Thursday, November 28, 2013
Before the inaugeration, Award-winning actress Eva Longoria told “This Week” that immigration reform should be a top priority in President Obama’s second term. “People say, ‘Oh, get in the back of the line,’ [but] people don’t realize there’s a hundred lines to get into,” said Longoria of the immigration process. ”It’s a very broken system.”
Monday, November 25, 2013
The new release Hunger Games: Catching Fire is an action-packed escape vehicle. A government to be paranoid of, athletic (kind of anyway) competition, a rebellion, what else could you want in a movie?
The Hunger Games has been involed in discussions of immigration. Last summer, a crackdown on immigration, in which 140 people were arrested in the United Kingdom, was likened to "The Hunger Games" after the Home Office was accused of targeting people based on their ethnicity before arresting them.
A few years ago, Presidential hopeful Rick Santorum caused controversy when he suggested that a real-life Hunger Games could solve U.S. immigration problems. The Hunger Games tells of a young womanl who is forced by an oppressive government to take part in a televised battle to the death with other “tributes.” In an interview with conservative host Sean Hannity, Santorum spoke at length about the popular series as well as a proposed immigration act which would give 24 contestants the opportunity to earn U.S. citizenship.
Thursday, November 21, 2013
Here is the music video for the hit song “Wake Me Up.” A collaboration with singer Aloe Blacc, Director Alex Rivera, and some friends that star as actors, the video tells a story of one family whose dream to be together confronts the nightmare of US immigration policy.
Monday, November 18, 2013
Entertainment Weekly reports that comedian Russell Brand said he was denied entry into South Africa, forcing him to cancel four shows of his Messiah Complex tour scheduled to be performed in Johannesburg. An example of good taste?
Wednesday, October 23, 2013
AL JAZEERA AMERICA PRESENTS TO AIR TWO AMERICANS SUNDAY, OCT. 27 Documentary Examines Both Sides of the Immigration Debate
Two Americans portrays the emotional and economic turmoil that raids and subsequent deportations have on the families of undocumented workers, and the law enforcement officials whose job it is to arrest them. Two Americans follows the story of one such family - and the sheriff who is enforcing the law. Filmmakers Daniel DeVivo and Valeria Fernandez’s film profiles a family who is forced to live in the shadows in Arizona, a state that criminalizes their existence. Nine-year-old Katherine Figueroa’s parents are arrested when Sheriff Joe Arpaio raids a Phoenix carwash suspected of hiring illegal workers. As Katherine fights to save her parents from deportation, a community group pressures an investigation into sheriff’s actions. The sheriff’s retaliation sparks public outrage and a federal investigation. Two Americans showcases both sides of one of America’s most polarizing issues and provides an in-depth look at how immigration policy is affecting families and communities.Watch Two Americans on Al Jazeera America Presents Sunday, Oct. 27 at 9:00 p.m. ET/6:00 p.m. PT.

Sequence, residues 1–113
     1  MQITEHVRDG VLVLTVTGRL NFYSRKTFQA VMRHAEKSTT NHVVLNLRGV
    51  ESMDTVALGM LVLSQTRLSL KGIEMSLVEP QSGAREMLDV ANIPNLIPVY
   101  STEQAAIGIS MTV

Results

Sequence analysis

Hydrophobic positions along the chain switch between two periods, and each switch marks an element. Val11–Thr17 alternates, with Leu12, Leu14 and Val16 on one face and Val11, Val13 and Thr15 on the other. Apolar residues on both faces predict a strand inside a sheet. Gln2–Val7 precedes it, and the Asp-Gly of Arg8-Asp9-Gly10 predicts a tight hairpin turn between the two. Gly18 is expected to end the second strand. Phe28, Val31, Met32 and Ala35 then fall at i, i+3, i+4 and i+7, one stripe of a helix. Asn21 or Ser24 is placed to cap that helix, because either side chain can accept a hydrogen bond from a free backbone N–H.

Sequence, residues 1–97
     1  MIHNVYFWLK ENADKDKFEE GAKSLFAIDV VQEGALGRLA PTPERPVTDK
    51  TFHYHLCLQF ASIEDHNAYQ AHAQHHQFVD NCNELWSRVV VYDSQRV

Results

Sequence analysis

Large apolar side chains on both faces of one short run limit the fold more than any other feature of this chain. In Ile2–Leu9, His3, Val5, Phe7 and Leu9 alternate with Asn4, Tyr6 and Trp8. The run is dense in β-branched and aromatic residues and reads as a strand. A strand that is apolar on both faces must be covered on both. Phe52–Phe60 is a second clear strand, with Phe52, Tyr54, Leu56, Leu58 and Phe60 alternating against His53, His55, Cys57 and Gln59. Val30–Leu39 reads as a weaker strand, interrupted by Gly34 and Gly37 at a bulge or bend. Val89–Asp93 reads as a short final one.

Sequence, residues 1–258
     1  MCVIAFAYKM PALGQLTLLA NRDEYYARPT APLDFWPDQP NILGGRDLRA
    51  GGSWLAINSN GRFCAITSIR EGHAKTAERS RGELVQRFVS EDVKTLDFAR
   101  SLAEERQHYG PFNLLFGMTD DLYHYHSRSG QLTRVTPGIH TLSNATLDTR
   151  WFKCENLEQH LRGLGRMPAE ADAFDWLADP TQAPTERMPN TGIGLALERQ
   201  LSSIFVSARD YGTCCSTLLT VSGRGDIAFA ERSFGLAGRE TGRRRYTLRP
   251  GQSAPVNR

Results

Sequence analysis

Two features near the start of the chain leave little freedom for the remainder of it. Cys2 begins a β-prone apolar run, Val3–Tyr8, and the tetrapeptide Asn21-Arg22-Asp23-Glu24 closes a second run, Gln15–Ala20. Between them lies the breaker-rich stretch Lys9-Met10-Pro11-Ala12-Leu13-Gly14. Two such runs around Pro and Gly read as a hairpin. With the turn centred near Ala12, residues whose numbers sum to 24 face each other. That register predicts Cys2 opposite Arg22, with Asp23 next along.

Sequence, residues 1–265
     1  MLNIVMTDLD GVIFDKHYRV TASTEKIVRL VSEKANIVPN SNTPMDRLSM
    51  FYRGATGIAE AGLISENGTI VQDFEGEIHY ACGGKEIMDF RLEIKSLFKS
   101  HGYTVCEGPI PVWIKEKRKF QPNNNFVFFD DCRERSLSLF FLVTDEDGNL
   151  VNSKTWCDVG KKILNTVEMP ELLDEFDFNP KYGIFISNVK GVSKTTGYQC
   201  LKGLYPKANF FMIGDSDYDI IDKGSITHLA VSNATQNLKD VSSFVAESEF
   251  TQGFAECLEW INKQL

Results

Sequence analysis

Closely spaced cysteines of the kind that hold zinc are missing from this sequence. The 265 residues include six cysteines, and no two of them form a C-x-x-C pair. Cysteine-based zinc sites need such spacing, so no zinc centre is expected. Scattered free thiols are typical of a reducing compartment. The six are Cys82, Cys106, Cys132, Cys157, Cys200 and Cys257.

Wednesday, October 9, 2013
Last week, Pulitizer Prize winning writer Jose Antonio Vargas spoke about his new film “Documented” at UC Davis School of Law. Last night, he held only his second screening of his new film in Sacramento. I was fortunate enough to attend. After Vargas introduced the film, the audience watched Documented, which tells Vargas’ very personal story about his travails as an undocumented person in the United States with “no line to wait in” for a lawful immigrant visa. One of the saddest parts of the story is that he has been separated from his mother, who still lives in the Philippines, for nearly 20 years. My rating: TWO THUMBS UP!
Among others, Sergio Garcia, the undocumented immigrant seeking admission to the California bar, also was in attendance. We sat next to each other at the movie and discussed, among other things, the recent arguments on his admission to the bar before the California Supreme Court.
I was honored to join Sergio Garcia, Jose Antonio Vargas, and other panelists in a discussion after the film about the issues of immigration law and policy that the film touched on.
Sunday, September 29, 2013
The Season 3 premier of the critically-acclaimed Showtime series Homeland airs tonight. The show, which depicts the U.S. government's efforts to protect the "homeland" against foreign -- almost exclusively Muslim -- threats to the national security, is popular among television critics but has been criticized as Islamophobic. In an article for Salon, Laila al-Arian called the show the most Islamophobic show on television, accused it of portraying Muslims under the light of simplistic concepts and as a monolithic, single-minded group whose only purpose is to hurt Americans.
It seemed like a good time for a comedic interlude. So watch this guest appearance from Breaking Bad's Aaron Paul on last night's Saturday Night Live.